In terms of the games themselves, Planescape: Torment is, in our opinion, the strongest of the two offerings and it turns out, almost twenty years down the line, that eschewing combat for the most part in favour of a narrative-heavy experience has helped it age much better than the rest of its Infinity Engine brethren. Taking on the role of The Nameless One – a refreshingly morally dubious character compared to traditional RPG heroes of the late nineties – you begin your grim adventure in a morgue, covered in strange tattooed messages that lead you on a journey across through the city of Sigil (and various other planes of existence in between) as you try to piece together the mystery behind how you came to be immortal and why you seem to forget everything about your previous life every time you die. It may be twenty years old, but we still find ourselves curiously keen to avoid spoilers here as it's a game that really should be experienced without knowing anything if you can manage it.

Planescape: Torment’s immersive dialogue, bizarre set-up and off-beat cast of characters and enemies have aged wonderfully well, and it’s still an amazingly malleable game. Every choice you make during conversations – and there are a ton of conversations to be had here – affects the alignment of your character, in turn affecting how NPCs and the world, in general, react to your version of The Nameless One. As an example, we played through the opening dungeon area a couple of times at the start of our journey and were still impressed at how differently things played out depending on how we responded and interacted with the characters that we met during this one tiny introductory area. It’s a level of choice that’s maintained throughout your entire playthrough in Planescape: Torment, and it’s easy to see how this game garnered such critical acclaim upon its original release back in 1999 and is now regarded as a cult classic.

Icewind Dale, on the other hand, is possibly the weakest of the Infinity Engine games being released on Switch this week. That's not to say it's a bad game – it's far from it – but the fact is, because the focus here is almost entirely on combat (and we're talking about combat that has aged quite a bit since it released in 2000), this one has started to feel like a real challenge to get back into. This is pretty much Baldur’s Gate without a lot of the elements of that game which have kept folk returning to it: its amazing narrative, strong cast of characters and deep morality systems.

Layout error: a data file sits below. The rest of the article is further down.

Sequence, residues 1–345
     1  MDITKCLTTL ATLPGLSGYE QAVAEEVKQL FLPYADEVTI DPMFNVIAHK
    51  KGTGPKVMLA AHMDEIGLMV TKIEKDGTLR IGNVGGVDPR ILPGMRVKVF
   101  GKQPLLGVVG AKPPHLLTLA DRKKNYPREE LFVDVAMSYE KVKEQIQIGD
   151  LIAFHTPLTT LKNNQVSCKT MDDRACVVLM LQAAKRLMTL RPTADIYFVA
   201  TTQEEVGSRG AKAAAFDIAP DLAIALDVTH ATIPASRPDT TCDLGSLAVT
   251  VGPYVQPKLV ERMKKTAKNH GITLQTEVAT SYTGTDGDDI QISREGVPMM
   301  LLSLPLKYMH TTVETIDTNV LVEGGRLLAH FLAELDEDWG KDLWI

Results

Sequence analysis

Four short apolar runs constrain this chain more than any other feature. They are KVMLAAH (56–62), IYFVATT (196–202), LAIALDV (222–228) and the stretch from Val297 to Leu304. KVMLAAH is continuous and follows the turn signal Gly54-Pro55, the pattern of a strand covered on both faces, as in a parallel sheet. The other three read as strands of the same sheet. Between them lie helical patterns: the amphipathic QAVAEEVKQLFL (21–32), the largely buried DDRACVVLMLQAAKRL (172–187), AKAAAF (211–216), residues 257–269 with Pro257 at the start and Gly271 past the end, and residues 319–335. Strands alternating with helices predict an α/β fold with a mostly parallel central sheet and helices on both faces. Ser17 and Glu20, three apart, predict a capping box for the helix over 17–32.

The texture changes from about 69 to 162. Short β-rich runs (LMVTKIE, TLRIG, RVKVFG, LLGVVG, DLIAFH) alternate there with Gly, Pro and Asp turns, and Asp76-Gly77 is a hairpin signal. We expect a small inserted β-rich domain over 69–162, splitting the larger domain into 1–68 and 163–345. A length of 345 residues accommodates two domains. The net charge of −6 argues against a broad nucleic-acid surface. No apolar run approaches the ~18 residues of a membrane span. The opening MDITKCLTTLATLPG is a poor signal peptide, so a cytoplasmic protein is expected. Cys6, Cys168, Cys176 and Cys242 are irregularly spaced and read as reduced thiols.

Icewind Dale is really more of a straight-up dungeon crawler than RPG; everything within it is designed to funnel you as quickly and smoothly as possible towards more loot and more engagements with the enemy. Having said that, what narrative there is here is well-written, there's still a huge adventure contained within this game and more than enough story to keep you pushing on to the end and into the included DLC, which is actually much more satisfyingly story-driven.

The real strength of Icewind Dale – and the reason it remains a true classic – is that it takes the Infinity Engine combat, refines it, pushes it to the fore and delivers dungeon upon dungeon of meticulously-crafted battles against a ton of different enemies that will really put your skills to the test. The combat here is as deep as Infinity Engine combat ever got, and although it's absolutely hard as nails compared to what we may be used to nowadays, if you're up to it, you'll find a hell of a lot to love. This is a fast-paced and beautifully-designed game.

Also, for those among us who do want a ton of old-school combat, this enhanced edition also comes with an expanded roster and new classes which add even more depth and choice to its already almost overwhelming party-building systems. We should also mention the magic in Icewind Dale. It's possibly the most robust representation of the arcane arts in any RPG to date; so much so that Beamdog has even seen fit to enhance the visual effects of your spells here so they look better than ever.

Conclusion

This is another strong showing from Beamdog that sees a real odd couple of classics in the best shape they've maybe ever been, coupled with a control system designed for consoles that makes them as effortless to play on the move as they are sat at a keyboard and mouse. Icewind Dale is probably as good as old-school combat ever got and is still an absolute gem for fans of epic dungeon-crawling who don't mind the brutal difficulty involved in getting the hang of its action. Planescape: Torment, on the other hand, is a narrative masterclass which still feels fresh as a daisy and is as bizarre, funny and endlessly replayable as it's ever been. Together, these two make for a pretty essential addition to your Switch's RPG library.